As Yorkshire’s maritime city, Hull is now developing an extensive redevelopment of its significant historic maritime assets, building upon the legacy of its tenure as the UK City of Culture 2017 in support of its aspiration to create a world-class visitor destination.

The sites included within the project are: Hull Maritime Museum; Dock Office Chambers on Dock Office Row the North End Shipyard and two historic vessels, the Arctic Corsair and Spurn Lightship.

Over the last two years a project was developed and a funding bid submitted to the Heritage Lottery Fund. That project explores and celebrates Hull’s remarkable maritime history and heritage and puts that heritage at the heart of a place shaping project that will preserve several significant assets and move Hull forward as a world class visitor destination. This grant of £15m in a project of £27.M will ensure that Hull’s Maritime History is well preserved and celebrated by everyone.

This heritage-driven, transformational project draws on Hull’s unique spirit and sense of place, and will be a central part of the legacy of the City of Culture 2017, It will focus on the promotion and protection of Hull’s maritime history, architecture and collections.

Over the next seven years work will be undertaken that will place our Maritime Heritage at the heart of our city offer.

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The Arctic Corsair

The Arctic Corsair is the sole survivor of Hull’s distant-water sidewinder fishing trawler fleet and a key part of the nation’s maritime heritage.. Work involving this iconic vessel will include:

  • Full restoration
  • A permanent dry berth to ensure long term preservation
  • Ongoing marketing and promotion to raise awareness of her national significance
  • New and improved interpretation facilitating increased tourism and educational visits
  • A range of skills and training opportunities
  • Increased opening hours
  • Enhanced volunteering programmes leading to a projected 230% increase in volunteering


Arguably one of the most striking buildings in the city, investment in this stunning building will ensure it is used to its full capacity by:

  • Creating 390 m2 of additional museum space opened up to the public
  • Allowing access to one of the building’s cupolas with superb rooftop views
  • Investment in renewing the building’s infrastructure to reveal original architecture
  • Improved and extended educational and visitor facilities along with updated displays that bring Hulls whole Maritime story up to date


The museum’s collections are Designated as being of national significance and the British and European whaling collections are the most significant in the world. In addition the extensive collection of scrimshaw is regarded as the best outside of the United States, however better storage and display will allow these collections to truly shine for a bigger audience as part of the project:

  • There will be a 50% increase in the number of items available for public view
  • 37,852 collections items will be re-housed
  • Collections will undergo extensive conservation and will be stored in a bespoke regulated environment
  • The Collections will be assessed, conserved and properly stored, with new management and maintenance routines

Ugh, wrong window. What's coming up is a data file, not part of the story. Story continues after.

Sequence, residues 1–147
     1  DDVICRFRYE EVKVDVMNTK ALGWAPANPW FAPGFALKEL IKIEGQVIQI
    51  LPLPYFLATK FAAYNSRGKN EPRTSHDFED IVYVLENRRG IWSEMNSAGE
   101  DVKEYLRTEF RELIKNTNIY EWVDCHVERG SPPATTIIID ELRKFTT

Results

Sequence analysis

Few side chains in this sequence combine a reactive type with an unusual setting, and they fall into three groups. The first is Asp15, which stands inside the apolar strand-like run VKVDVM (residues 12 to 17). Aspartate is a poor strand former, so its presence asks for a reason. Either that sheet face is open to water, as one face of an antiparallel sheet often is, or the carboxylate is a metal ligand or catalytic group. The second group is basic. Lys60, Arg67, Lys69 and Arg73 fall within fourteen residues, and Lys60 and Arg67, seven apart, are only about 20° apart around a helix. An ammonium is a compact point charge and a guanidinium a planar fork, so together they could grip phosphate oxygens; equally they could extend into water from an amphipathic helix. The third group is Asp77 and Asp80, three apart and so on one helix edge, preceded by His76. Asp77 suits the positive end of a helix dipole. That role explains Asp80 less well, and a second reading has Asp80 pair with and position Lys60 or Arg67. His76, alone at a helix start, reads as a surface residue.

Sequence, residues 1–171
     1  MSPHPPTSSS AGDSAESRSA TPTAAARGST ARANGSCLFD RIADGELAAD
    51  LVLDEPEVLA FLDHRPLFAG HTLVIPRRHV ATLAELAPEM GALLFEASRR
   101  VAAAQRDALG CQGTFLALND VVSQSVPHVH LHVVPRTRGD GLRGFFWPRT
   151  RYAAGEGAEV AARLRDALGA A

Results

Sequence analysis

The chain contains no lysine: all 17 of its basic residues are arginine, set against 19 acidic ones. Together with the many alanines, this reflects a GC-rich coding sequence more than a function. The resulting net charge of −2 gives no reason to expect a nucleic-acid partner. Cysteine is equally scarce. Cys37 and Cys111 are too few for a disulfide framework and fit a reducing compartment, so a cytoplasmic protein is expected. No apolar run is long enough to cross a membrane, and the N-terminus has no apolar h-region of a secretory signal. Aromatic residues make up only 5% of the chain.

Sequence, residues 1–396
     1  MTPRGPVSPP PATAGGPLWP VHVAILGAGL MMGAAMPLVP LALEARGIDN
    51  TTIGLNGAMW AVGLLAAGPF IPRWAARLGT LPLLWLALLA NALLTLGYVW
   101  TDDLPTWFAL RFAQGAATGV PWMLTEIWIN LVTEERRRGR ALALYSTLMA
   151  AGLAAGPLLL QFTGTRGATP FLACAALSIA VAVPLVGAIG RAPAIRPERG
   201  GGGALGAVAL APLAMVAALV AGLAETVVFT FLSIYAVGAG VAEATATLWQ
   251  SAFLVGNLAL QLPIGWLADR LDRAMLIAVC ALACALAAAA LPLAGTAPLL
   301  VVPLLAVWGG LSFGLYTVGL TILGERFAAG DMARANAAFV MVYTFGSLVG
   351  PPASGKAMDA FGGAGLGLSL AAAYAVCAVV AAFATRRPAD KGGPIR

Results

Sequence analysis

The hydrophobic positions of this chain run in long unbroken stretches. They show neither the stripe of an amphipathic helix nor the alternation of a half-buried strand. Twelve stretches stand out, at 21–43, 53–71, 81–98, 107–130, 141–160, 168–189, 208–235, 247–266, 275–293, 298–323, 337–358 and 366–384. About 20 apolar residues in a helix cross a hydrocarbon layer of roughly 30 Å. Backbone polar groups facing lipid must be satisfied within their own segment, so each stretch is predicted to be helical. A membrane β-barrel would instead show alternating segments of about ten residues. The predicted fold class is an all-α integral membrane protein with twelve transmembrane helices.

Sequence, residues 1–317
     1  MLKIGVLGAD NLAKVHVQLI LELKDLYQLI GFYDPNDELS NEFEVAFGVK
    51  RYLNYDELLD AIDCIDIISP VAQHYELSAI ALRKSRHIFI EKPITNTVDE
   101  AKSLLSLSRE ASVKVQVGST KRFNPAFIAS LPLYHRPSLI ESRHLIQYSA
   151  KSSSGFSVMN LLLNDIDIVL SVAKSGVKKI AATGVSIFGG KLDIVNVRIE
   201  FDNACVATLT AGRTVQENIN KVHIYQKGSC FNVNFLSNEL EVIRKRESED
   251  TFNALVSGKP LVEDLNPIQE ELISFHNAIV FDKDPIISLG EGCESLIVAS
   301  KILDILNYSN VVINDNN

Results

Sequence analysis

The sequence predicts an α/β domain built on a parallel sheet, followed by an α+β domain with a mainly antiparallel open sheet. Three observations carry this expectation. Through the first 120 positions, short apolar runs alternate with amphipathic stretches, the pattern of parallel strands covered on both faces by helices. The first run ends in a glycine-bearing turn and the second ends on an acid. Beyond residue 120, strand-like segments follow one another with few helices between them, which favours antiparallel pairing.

Dock Office Chambers

This building dates from 1890s and is in a conservation area, adjacent to the Maritime Museum. Currently used as office space it will be reconfigured to house the maritime collections and will:

  • house bespoke storage systems which are environmentally controlled
  • be fully accessible for visitors, volunteers and researchers
  • enable the top floor of the museum to be redesigned and reopened to the public


Listed on the National Historic Ships Register and a part of the National Historic Fleet, the Spurn Lightship guided vessels navigating the notorious Humber estuary. Project work will include:

  • Full restoration
  • New interpretation
  • Increased opening hours
  • Refreshed displays
  • Following restoration the ship will remain in the Marina and continue to act as a signpost for the city centre, Hull Marina, and the other museums in Hull


This area is at the heart of Hull’s maritime and trade history with ship building taking place and ships berthing to discharge cargo into High Street , the centre if trade at the time. The central dry dock became the lock-pit of Queen’s Dock in 1774 when the Act of Parliament was granted for the Dock Company to form a new dock.

In 1775 – The Blaydes family sell their shipyard (which built both the HMS Bounty and HMS Boreas, commanded by Nelson) outside the North Gates to the Dock Company for the formation of a new Dock.

1778 – The Dock opens as ‘the Dock’

1809 – Humber Dock opened; the Dock is now The Old Dock

1854 – Queen Victoria visits Hull and steams through the line of Docks starting with the Old Dock. It is renamed Queen’s Dock in her honour

The project will seek to preserve this heritage and raise the profile of how this area acted as a catalyst for Hull’s history as a global maritime port by:

  • Revealing a hidden gem of Hull’s maritime heritage and celebrating the historic significance of High Street.
  • Creating an additional attraction near the Museums Quarter
  • Housing the Arctic Corsair in a permanent dry berth
  • Restoring the Scotch Derrick Crane on site, as a key symbol of recent maritime past
  • Highlighting the significance of the Queens Gardens (formerly Queen’s Dock) in the maritime story of Hull’s old town